M: Science geek aspiring to be a future doctor.I’d go for that. All joking aside, I really liked the look into what it’s like to try to start a new relationship and how conflicting those emotions can be when you’ve been so emotionally damaged and physically taken advantage of. I had no clue.

E: I feel like no stone went uncovered when it came dissecting this particular situation. How it affected her physically, mentally, emotionally, her relationships with her friends, her sisters, the other kids in school, and then of course, Martin. Whitney never made the book feel preachy or over dramatic, and I think there’s definitely a fine line when it comes to a subject matter like this. With kids who are pretty young.

M: I think that’s mostly in part to Daisy experiencing this when she was in college. When I read that in the author’s notes at the end, I realized why I connected with the story so much – there was so much truth. In the beginning of the book, things were a little slow-going for me (because she was struggling with remembering and making a decision about what to do), but once the Mockingbirds (and Martin!) were introduced, I was hooked.

E: I agree. This is definitely a situation where the author’s own experience brought a stark and frightening authenticity to the book. I wasn’t expecting to feel so attached to these characters and this story for some reason. I’m not sure why. Maybe just because the plot is so different than most of the other books I read. But I literally felt like I was transported into another world pretty much from the moment I opened to the first page. Especially once the story moves along and the Mockingbirds take over, wow. I wished I had another 45 minutes in my train ride or I could successful read while walking because I didn’t want to press pause on this book.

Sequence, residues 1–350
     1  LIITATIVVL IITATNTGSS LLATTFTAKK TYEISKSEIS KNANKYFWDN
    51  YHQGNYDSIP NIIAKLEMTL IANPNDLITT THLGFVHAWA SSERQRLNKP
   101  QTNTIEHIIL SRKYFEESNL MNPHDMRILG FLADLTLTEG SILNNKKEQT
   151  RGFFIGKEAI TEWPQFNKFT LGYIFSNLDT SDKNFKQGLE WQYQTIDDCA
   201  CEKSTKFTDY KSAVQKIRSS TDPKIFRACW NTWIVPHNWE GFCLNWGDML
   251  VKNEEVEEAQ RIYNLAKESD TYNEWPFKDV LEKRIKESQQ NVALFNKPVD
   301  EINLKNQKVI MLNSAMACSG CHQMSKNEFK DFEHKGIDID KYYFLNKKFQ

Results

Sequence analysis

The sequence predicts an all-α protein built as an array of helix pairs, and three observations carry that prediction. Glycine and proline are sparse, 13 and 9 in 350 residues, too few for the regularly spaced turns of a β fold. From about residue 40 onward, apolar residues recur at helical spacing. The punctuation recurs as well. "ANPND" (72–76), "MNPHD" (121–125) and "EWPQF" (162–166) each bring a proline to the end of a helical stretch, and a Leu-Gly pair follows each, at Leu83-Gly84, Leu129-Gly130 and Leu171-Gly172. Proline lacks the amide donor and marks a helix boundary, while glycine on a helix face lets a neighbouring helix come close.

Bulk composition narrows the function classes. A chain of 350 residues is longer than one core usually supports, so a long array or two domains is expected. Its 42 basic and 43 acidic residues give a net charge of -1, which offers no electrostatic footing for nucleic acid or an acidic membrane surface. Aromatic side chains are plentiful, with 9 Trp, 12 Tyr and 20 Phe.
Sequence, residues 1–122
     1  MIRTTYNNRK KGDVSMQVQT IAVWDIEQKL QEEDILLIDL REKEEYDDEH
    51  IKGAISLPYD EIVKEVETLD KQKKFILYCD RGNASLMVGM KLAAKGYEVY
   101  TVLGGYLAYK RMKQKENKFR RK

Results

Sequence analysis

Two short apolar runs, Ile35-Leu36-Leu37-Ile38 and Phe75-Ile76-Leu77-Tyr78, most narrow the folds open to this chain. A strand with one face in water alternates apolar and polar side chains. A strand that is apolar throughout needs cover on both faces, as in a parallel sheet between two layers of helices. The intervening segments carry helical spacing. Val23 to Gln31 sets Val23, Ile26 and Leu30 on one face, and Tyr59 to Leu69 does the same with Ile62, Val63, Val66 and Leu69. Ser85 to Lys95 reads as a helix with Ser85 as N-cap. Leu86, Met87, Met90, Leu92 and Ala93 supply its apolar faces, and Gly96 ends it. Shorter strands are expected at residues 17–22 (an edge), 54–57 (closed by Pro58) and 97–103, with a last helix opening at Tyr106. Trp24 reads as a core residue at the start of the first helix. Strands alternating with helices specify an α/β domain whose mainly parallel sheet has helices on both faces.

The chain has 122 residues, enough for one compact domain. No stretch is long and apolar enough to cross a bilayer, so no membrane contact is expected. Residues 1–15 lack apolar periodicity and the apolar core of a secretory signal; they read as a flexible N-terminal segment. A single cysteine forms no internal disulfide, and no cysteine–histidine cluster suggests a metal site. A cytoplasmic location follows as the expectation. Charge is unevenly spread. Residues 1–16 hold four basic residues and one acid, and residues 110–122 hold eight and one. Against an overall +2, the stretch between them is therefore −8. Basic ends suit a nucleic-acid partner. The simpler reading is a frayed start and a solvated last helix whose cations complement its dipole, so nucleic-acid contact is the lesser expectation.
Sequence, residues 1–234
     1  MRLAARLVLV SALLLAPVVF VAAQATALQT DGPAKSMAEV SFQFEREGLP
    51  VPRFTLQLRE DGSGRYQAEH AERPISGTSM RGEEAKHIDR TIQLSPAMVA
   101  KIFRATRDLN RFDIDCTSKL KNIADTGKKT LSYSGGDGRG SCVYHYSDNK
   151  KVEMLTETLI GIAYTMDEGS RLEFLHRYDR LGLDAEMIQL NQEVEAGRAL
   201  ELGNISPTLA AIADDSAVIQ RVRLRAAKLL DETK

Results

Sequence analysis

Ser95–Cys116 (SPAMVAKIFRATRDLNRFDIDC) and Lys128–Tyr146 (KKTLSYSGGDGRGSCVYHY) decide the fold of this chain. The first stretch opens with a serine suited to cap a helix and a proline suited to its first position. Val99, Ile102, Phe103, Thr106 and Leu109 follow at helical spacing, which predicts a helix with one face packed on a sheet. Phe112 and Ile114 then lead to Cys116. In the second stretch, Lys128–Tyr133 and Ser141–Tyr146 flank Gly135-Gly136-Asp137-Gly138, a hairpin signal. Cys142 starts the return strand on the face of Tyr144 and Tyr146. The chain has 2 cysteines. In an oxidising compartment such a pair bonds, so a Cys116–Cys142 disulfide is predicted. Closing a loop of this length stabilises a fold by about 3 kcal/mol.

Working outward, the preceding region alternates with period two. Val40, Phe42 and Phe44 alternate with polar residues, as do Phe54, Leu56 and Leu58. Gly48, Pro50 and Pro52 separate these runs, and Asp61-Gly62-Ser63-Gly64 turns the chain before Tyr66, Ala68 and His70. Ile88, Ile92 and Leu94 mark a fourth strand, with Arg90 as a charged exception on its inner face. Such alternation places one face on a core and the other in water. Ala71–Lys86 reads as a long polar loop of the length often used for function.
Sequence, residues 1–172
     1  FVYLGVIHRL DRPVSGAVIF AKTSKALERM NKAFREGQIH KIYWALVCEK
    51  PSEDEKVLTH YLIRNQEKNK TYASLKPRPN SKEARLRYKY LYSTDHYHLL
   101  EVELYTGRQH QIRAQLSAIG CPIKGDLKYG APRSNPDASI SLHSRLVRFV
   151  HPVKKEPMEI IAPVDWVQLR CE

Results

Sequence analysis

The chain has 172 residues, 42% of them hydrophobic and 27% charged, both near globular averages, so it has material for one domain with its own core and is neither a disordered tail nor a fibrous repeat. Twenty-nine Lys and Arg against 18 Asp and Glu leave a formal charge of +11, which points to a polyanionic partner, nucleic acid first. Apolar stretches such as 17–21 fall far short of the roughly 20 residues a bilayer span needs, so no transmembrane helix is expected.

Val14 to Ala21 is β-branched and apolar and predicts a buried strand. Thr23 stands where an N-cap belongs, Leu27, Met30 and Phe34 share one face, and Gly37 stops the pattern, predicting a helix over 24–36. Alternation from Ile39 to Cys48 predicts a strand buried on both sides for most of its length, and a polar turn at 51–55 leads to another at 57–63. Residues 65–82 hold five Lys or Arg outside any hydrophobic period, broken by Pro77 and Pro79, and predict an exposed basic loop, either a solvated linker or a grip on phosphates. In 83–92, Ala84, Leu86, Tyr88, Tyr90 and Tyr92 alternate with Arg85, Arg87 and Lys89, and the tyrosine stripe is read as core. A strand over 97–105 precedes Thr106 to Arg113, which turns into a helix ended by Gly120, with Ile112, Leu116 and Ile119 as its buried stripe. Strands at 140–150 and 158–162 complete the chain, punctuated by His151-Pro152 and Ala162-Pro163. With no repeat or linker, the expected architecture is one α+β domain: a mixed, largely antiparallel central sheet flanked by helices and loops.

M: The Mockingbirds kicked ass. I was impressed by how well this part of the story was developed. This is where Whitney’s imagination came into play and she did a really great job of building this team of students. I liked the pacing and how they took their time investigating to set up their next move. Nothing felt rushed or irrational to me.

E: I wrote “intricate machine” in my notes. I was also amazed by this world and organization she created. I admit. I had my doubts. Why would students listen to a student run organization? Maybe I’m jaded. But they seriously had their ways.

M: So there’s a scene where the trial is finally happening. I don’t want to say more than that, but this was probably one of my very favorite parts of the story. I loved how things unraveled, and even that Whitney didn’t set the trial up to be easy. There were complexities because, afterall, Alex was drinking. What stands out most to you as being a favorite part of the story?

E: I feel like everything I want to say is spoilerish. How about this — there are at least three discoveries that occur throughout the book that I loved and were very helpful to Alex coming to terms with what happened to her. That’s really unspecific, I know. But I think once you pick up this book, you’ll know what I’m talking about.

M: So the question is, will you read The Rivals – the sequel to The Mockingbirds?

E: I immediately requested it from my library once I finished The Mockingbirds. So the answer is a big fast yes. I’m interested to see how Alex’s world continues.

M: So am I! I hope my library has it since it just came out. If not, I’m adding it to their wishlist of books to buy!

E: We can only hope that everyone who stumbles upon this Book Report is interested to pick up The Mockingbirds if they haven’t already. It’s definitely worth moving up your TBR list! (And if you’ve read it already, we’d love to hear your reactions in the comments as well!)
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03/21/2012 page 61